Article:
Also, note that your observed distribution should be consistent with
your uncertainty estimates given the above guidelines. If you have a whole
set of points, that all fall within 1*σ* of each other, something
is wrong with your uncertainty estimates (or perhaps your measurements are
correlated with each other)!

For a series of measurements, one can calculate the *χ*^{2} statistic, and
determine how probable this value is, given the number of points.

*Signal-to-noise*

Astronomers often describe uncertainties in terms of the fractional error, e.g.
the amplitude of the uncertainty divided by the amplitude of the quantity
being measured; often, the inverse of this, referred to as the
*signal-to-noise ratio* is used.
Given an estimate the number of photons expected from an object in
an observation, we can calulate the *signal-to-noise* ratio:

=

which is the inverse of the predicted fractional error (
Consider an object with observed photon flux (per unit area and time, e.g.
from the count equation above), *S*^{′},
leading to a signal,
*S* = *S*^{′}*Tt* where *T* is the telescope area and
*t* is the exposure time. In the simplest case, the only noise source
is Poisson statistics from the source, in which case:

= =

In other words, the S/N increases as the square root of the object
brightness, telescope area, efficiency, or exposure time. Note that

*Background noise*

A more realistic case includes the noise contributed from Poisson
statistics of ``background'' light (more on the physical nature of this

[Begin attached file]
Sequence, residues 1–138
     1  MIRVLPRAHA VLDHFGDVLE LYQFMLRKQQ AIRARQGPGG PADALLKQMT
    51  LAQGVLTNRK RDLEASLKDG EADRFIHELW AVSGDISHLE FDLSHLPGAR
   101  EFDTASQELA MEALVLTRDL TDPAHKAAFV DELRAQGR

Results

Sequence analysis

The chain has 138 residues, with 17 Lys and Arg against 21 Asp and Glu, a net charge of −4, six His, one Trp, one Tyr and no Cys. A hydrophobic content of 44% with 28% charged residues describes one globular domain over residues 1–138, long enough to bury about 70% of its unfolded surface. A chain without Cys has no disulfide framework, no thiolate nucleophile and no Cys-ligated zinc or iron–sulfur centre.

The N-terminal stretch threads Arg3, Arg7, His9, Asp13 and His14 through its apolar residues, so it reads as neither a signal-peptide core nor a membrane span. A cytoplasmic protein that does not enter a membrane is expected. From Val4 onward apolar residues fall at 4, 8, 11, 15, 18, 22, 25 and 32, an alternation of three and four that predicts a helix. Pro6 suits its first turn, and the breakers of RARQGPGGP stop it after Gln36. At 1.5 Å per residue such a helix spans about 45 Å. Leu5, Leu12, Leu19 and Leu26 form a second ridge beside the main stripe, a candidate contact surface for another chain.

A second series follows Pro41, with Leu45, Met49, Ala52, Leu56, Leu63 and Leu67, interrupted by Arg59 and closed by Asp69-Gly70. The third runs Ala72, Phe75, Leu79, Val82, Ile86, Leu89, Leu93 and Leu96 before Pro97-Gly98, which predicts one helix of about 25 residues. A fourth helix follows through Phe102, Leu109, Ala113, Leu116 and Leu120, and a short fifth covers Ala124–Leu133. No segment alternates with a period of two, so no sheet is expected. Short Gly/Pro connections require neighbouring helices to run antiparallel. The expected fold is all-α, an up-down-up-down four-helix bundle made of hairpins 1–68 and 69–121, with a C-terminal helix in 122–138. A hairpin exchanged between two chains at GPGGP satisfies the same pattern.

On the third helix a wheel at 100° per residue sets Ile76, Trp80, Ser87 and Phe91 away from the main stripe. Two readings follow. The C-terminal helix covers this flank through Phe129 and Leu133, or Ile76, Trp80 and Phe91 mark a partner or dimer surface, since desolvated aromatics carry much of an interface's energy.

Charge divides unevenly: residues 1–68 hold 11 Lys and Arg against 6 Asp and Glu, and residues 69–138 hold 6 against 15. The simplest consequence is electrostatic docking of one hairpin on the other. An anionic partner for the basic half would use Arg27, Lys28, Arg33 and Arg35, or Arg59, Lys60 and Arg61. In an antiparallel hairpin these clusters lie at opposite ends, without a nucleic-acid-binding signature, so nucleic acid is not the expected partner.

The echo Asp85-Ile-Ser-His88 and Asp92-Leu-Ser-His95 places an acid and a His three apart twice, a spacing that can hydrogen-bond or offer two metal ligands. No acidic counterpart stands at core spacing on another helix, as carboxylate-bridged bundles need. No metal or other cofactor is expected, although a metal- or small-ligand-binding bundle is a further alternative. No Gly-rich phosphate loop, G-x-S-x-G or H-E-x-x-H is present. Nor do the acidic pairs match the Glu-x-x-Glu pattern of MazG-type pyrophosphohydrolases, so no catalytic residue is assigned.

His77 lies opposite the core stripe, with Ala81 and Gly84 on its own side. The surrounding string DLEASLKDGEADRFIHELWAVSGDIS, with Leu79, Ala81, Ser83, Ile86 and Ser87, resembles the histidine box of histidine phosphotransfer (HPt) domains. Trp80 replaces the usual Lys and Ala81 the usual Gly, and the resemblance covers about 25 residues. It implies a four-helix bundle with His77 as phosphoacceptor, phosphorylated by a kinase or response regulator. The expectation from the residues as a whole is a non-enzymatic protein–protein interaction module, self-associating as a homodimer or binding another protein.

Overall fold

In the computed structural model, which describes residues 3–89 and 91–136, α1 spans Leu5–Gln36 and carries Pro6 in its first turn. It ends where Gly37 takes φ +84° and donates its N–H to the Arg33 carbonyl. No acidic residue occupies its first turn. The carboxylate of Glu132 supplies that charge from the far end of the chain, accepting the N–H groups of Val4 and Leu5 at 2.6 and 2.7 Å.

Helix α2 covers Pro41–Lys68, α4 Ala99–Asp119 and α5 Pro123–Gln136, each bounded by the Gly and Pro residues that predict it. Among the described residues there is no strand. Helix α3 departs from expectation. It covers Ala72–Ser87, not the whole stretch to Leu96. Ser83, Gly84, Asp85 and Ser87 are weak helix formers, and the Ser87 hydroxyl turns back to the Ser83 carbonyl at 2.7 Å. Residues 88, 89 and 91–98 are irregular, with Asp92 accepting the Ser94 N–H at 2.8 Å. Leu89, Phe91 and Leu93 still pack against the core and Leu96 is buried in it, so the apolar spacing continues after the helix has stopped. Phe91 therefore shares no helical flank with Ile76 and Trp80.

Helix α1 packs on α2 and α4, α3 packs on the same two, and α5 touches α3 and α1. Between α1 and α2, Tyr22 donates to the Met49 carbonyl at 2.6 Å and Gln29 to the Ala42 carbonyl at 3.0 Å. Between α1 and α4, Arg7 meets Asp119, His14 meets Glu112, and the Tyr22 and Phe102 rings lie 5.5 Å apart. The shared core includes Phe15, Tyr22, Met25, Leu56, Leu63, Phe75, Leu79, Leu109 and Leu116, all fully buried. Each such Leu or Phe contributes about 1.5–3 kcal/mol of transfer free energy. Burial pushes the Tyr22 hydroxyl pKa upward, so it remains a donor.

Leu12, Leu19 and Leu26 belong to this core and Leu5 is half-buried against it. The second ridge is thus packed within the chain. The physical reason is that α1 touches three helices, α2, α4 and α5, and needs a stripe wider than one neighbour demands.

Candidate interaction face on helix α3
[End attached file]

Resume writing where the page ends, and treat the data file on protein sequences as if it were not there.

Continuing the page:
later), *B*^{′}, which has
units of flux per area on the sky (i.e. a surface brightness); note
that this is also usually given in magnitudes.

The total number of photons observed, *O*, is

This leads to a common form of the *noise equation*:

=

Breaking out the dependence on exposure time and telescope area, this is:

=

In the *signal-limited*
case,
*S*^{′} > > *B*^{′}*A*, we get

= =

In the

= =

As one goes to fainter objects, the S/N drops, and it drops faster when
you're background limited. This illustrates the importance of dark-sky
sites, and also the importance of good image quality.
Consider two telescopes of collecting area, *T*_{1} and *T*_{2}. If we
observe for the same exposure time on each and want to know how much
fainter we can see with the larger telescope at a given S/N, we
find:

*Instrumental noise*

In addition to the uncertainties from Poisson statistics (statistical noise),
there may be additional terms from instrumental uncertainties. A common example
of this that is applicable for CCD detectors is readout noise, which
is additive *noise* (with zero mean!) that comes from the detector and
is independent of signal level. For a detector whose readout noise is
characterized by
*σ*_{rn},

=

if a measurement is made in a single pixel. If an object is spread over

=

For large
*σ*_{rn}, the behavior is the same as the background
limited case. This makes it clear that if you have readout noise, image
quality (and/or proper optics to keep an object from covering too many pixels)
is important for maximizing S/N. It is also clear that it
is critical to have minimum read-noise for low background applications
(e.g., spectroscopy).

There are other possible additional terms in the noise equation, arising from things like dark current, digitization noise, uncertainties in sky determination, uncertainties from photometric technique, etc. (we'll discuss some of these later on), but in most applications, the three sources discussed so far – signal noise, background noise, and readout noise – are the dominant noise sources.

Note the applications where one is likely to be signal dominated, background dominated, and readout noise dominated.